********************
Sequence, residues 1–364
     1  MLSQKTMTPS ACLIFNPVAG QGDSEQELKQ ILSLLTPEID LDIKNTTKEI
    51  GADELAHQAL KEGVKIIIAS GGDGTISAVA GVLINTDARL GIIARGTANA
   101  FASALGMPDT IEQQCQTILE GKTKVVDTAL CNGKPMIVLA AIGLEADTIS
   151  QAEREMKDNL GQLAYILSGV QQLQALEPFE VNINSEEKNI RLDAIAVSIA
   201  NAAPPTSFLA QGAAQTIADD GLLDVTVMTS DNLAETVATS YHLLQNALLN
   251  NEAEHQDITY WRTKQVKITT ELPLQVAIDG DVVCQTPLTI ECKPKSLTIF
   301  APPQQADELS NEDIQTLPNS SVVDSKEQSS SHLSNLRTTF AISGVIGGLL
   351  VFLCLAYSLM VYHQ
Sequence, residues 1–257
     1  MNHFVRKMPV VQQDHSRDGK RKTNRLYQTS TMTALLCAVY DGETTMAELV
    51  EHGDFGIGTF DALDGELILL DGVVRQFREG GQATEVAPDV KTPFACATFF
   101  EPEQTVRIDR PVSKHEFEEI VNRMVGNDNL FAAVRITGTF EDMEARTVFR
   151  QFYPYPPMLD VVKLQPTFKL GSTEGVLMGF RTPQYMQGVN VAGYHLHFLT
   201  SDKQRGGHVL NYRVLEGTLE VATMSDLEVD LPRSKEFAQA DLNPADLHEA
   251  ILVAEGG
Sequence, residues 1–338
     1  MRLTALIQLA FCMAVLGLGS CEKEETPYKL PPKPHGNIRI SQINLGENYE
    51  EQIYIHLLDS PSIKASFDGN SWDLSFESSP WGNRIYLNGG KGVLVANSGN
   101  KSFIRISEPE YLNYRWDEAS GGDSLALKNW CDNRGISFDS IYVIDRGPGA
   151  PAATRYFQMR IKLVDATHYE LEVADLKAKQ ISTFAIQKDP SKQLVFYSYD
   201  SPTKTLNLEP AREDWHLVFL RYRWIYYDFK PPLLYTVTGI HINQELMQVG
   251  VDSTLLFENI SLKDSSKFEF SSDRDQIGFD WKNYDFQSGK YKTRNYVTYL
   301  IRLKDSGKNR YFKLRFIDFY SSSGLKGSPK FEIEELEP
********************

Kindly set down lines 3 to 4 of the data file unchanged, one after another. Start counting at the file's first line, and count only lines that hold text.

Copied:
    51  GADELAHQAL KEGVKIIIAS GGDGTISAVA GVLINTDARL GIIARGTANA
   101  FASALGMPDT IEQQCQTILE GKTKVVDTAL CNGKPMIVLA AIGLEADTIS